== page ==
Whitmer, heed experts on in-person learning
Michigan’s students are struggling, and parents are worried. So are teachers, for that matter. And scientists. Doctors. Psychologists.
Gov. Gretchen Whitmer’s order last March to close school buildings across the state has had a devastating impact on student performance. Even now, as we rapidly approach the one-year anniversary of classroom closures, 136 school districts remain completely closed to in-person learning.
The science couldn’t be clearer, and the stakes couldn’t be higher. That’s why the governor’s refusal to stand up to a few political power-players in Lansing is so disappointing — and so dangerous.
Parents who’ve watched their children struggle, who’ve quit jobs to help them with their online learning, who’ve held their hands during psychiatric and counseling appointments, those parents are left hoping against hope that Gov. Whitmer will be as bold reopening classrooms as she was in closing them.
They’re pleading with her to reverse course, because her orders put their kids in crisis.
They are rallying in local communities, they’re sending letters to the governor and school boards by the thousands, and they’re begging leaders to open classrooms.
Parents aren’t the only ones concerned, though. Earlier this month, nearly 400 physicians, psychologists, and health care leaders in Southeast Michigan signed an open letter forcefully expressing their expert opinion that in-person learning is safe and that school closures are dangerous.
Polling released earlier this month showed 80% of voters worry about the impact it’s had on kids.
That matches the 80% of voters who told pollsters that schools should be reopened for in-person learning right now or quickly, as opposed to next fall.
Despite their pleas, one report indicates 136 school districts across Michigan have been closed since last March and still refuse to open for in-person learning, while students fall further behind.
One recent study from Stanford University concluded that, for many students, it will require years to make up for the learning they lost as a result of the governor’s shutdown order. If they do at all.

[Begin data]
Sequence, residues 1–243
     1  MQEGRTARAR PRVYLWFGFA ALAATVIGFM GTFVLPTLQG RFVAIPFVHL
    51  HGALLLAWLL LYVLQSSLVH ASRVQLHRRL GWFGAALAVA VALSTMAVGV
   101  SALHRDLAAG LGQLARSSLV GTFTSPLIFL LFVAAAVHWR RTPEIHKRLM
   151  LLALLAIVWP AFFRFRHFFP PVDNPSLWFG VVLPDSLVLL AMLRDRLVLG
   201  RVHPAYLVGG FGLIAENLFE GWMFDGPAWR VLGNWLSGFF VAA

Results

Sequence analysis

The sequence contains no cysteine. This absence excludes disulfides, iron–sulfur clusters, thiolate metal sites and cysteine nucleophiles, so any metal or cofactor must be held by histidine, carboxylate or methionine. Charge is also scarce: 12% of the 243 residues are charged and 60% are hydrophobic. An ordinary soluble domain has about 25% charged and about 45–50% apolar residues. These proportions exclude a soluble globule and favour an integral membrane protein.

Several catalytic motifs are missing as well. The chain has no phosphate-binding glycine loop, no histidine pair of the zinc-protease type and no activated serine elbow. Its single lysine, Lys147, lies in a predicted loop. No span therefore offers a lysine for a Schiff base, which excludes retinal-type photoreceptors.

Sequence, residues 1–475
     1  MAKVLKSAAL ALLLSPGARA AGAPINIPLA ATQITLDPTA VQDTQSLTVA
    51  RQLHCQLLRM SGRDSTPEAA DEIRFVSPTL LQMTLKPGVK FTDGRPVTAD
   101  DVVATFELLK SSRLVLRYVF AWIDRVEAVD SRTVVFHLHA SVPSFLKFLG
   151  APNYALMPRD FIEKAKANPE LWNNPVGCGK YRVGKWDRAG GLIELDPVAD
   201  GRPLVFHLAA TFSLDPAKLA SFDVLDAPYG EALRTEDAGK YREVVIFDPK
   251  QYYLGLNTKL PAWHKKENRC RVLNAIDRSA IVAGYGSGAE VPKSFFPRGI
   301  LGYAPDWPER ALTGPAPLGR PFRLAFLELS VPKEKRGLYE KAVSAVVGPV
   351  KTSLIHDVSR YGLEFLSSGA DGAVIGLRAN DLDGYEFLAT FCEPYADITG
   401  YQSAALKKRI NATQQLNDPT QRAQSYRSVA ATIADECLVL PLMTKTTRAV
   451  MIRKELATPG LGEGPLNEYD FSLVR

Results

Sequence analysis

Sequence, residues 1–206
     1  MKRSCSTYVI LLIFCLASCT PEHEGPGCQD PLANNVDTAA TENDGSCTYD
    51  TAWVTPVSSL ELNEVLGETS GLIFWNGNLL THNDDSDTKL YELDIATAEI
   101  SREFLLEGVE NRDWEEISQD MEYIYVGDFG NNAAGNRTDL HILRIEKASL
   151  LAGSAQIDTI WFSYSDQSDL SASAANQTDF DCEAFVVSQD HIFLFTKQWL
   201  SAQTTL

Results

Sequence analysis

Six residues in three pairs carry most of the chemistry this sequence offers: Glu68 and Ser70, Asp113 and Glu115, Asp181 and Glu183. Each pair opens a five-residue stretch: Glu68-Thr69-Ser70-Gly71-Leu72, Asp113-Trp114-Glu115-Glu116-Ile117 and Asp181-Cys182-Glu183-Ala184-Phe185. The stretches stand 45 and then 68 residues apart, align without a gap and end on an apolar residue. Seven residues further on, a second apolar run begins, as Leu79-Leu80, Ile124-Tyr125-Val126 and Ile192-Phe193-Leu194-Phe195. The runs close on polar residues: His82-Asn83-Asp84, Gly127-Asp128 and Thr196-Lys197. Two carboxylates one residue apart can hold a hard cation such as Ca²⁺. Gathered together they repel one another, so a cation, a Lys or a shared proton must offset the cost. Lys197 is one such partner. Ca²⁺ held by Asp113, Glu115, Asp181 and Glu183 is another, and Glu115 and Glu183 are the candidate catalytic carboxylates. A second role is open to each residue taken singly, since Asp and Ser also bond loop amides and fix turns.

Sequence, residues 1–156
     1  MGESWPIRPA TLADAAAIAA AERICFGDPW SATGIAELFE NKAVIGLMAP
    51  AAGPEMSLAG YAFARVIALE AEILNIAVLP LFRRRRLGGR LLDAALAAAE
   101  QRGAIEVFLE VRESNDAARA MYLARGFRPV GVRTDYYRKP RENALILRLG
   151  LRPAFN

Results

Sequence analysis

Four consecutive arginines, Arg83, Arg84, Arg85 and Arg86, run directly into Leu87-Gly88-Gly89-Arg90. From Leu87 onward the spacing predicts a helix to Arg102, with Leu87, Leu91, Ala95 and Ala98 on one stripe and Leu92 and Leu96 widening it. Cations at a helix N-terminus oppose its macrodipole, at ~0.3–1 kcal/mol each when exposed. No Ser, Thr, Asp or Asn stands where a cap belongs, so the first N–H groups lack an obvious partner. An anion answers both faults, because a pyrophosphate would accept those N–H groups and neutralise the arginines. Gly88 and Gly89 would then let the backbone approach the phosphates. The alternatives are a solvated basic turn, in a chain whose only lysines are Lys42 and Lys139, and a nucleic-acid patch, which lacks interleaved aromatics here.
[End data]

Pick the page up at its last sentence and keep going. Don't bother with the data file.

Parents feel unheard, but they have deeper concerns, too.
Reports across the state and the nation point to prolonged school closures as a contributing factor in accelerating rates of suicide, depression, anxiety, and pediatric emergency room visits among schoolaged children.
We’re in the middle of an exploding mental health crisis, with analysts reporting that “youth despair” is steadily worsening.
Pediatricians — the doctors who specialize in the health and wellbeing of our kids — have warned about these risk factors from the start. They certainly couldn’t have taken Gov. Whitmer by surprise.
As early as last June, physicians warned publicly that children and adolescents have “been placed at higher risk of morbidity and mortality from physical or sexual abuse, substance abuse, anxiety, depression, and suicidal ideation.”
The science, the doctors, the epidemiologists, and the experts aren’t split on this one. They’re all on the same page, and they have been since early last year. The risks associated with school closures, they’ve concluded, far outweigh the risks associated with COVID-19 in schools.
Opening schools shouldn’t be hard, and it shouldn’t be controversial.
Gov. Whitmer closed Michigan’s schools last year with a stroke of her pen. Students pay the price for that call every day, and too many kids’ futures have already been lost.
Parents like me only hope now that the governor will act as boldly to get kids back in the classroom as she did to lock them out of it — before it’s too late.
Beth DeShone is executive director of the Great Lakes Education Project.